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Category:    Home > Reviews > Action > Adventure > Fantasy > Magic > Quest > 3-D > Avatar: 3-Disc Extended Blu-ray Collector's Edition (2009/Fox Blu-ray)

Avatar: 3-Disc Extended Blu-ray Collector's Edition (2009/Fox Blu-ray)

Picture: A-     Sound: A     Extras: B     Film: B-

Avatar surprised the world when it finally released two years ago, after years spent in development, as available technology caught up with Jim Cameron's vision for the film. He did his fair share of pushing, as well - much of the new computer tech used, he has been behind creating and maturing for practical use.

That investment has had quite the pay off, as there is nothing comparable to the world he has created - one that feels real and tangible in a way that other films that feature prominent CGI do not. It's paid off outside of the world within the film as well, having grossed nearly $3 billion worldwide between its debut and subsequent re-release.

A film such as this one is going to create lasting change in the movie making world, and some will be good, some bad. On the positive side, there is a new yardstick for the digital effects in other films to live up to - and as someone who prefers practical effects, I will concede that there is some impressive stuff here. As a downside, Avatar has also sparked a radical change in theaters themselves, as movie houses are now ditching film projectors in favor of digital ones that can show 3D images. That this change has been so sudden is alarming and sad, but times change.

It can also be said to have been a major catalyst in the mass acceptance of Blu-ray disc. This is definitely one movie that you want to get the best possible home experience from, and Blu-ray provides the rich colors and crisp visuals that make that giant new HDTV worthwhile. Previously, it was available only in a bare bones release without special features, and you can read our opinions on that release here:





Now, though, we've been given the ultimate treatment with the set currently under review.

There are three cuts of the film presented here, including the original theatrical release, and two extended cuts. The first of these is the theatrical re-release, with an additional 8 minutes of footage. Then we have the extended Collector's Edition cut, with 16 minutes added to its runtime. Of the new scenes, the best comes earliest in the film, as we see Jake's life on Earth in the year 2154. Having watched the rest of the new stuff, most of it was too short to add much to the overall experience for me, but it is of course great to have.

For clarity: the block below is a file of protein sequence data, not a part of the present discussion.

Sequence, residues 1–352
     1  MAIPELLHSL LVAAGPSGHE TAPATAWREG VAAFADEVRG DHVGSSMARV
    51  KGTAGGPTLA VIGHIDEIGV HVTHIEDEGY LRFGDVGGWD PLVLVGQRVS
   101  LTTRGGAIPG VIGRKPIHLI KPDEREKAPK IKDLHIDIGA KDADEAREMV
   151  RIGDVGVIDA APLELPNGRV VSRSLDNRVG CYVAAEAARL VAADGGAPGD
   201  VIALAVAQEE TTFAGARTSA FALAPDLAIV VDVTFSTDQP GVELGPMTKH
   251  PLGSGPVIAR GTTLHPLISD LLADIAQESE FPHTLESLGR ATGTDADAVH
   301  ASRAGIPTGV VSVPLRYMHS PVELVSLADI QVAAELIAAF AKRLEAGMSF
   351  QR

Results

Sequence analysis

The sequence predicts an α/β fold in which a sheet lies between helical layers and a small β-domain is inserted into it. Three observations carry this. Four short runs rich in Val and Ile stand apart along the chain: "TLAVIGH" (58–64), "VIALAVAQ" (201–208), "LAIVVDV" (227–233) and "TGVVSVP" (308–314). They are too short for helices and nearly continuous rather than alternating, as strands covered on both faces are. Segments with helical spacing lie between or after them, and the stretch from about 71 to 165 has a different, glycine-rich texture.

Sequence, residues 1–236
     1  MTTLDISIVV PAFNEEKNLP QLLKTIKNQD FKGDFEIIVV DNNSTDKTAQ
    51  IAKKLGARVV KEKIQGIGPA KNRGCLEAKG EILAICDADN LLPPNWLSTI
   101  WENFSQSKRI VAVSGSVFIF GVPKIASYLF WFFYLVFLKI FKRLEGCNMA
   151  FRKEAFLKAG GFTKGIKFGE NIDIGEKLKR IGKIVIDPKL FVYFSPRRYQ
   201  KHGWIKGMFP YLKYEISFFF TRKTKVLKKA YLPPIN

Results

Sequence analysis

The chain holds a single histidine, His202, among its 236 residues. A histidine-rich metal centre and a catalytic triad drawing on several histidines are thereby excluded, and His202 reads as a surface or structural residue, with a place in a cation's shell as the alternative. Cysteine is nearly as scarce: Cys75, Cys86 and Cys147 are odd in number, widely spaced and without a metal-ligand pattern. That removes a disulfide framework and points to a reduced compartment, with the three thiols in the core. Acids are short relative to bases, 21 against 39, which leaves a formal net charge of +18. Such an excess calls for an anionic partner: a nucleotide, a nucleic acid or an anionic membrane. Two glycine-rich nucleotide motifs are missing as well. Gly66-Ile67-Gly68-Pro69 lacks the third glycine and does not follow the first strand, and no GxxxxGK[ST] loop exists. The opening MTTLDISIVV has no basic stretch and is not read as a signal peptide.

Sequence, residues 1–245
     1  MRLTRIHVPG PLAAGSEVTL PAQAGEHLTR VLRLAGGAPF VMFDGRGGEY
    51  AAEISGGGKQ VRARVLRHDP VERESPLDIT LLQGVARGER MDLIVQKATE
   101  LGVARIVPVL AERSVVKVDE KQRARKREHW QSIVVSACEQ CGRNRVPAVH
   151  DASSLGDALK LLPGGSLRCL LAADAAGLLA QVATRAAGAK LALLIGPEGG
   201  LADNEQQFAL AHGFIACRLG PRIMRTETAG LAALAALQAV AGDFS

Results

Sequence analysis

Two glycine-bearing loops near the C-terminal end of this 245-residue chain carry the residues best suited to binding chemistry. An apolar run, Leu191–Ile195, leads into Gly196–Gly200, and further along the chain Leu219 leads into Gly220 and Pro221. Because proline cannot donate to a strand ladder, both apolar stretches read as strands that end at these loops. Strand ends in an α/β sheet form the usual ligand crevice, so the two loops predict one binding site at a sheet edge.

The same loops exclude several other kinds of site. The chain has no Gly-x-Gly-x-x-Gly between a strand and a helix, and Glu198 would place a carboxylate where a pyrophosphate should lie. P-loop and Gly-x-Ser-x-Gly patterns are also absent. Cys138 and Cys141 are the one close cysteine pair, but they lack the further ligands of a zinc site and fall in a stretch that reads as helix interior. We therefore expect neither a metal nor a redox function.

The extras consist of several featurettes and deleted scenes. These behind the scenes looks are fascinating, but at least one commentary track would have been a nice inclusion. I do question the necessity of having this be a three-disc set, as it would seem that the content on second and third could have fit comfortably on a single disc.

The picture is presented in 1.78:1 anamorphic widescreen, and looks as good as it did theatrically. The only shame is that we won't have an affordable 3D edition of the film available until the contract with Panasonic runs out. Only then will it be available outside of boxed set that includes the required glasses, but costs a pretty penny.

Sound is great, with excellent use of surrounds. As with the visuals, this is a great demonstration disc for your home theater. The audio is presented in both 5.1 DTS-HD Master Audio, as well as Dolby surround.

For a movie that was predicted to fail as miserably as this one was, it is amusing that so many detractors have been left eating their words. I would give this set a strong recommendation to just about anyone, especially if you have not yet looked into the world of Pandora. It is definitely worth the trip.

 David Milchick


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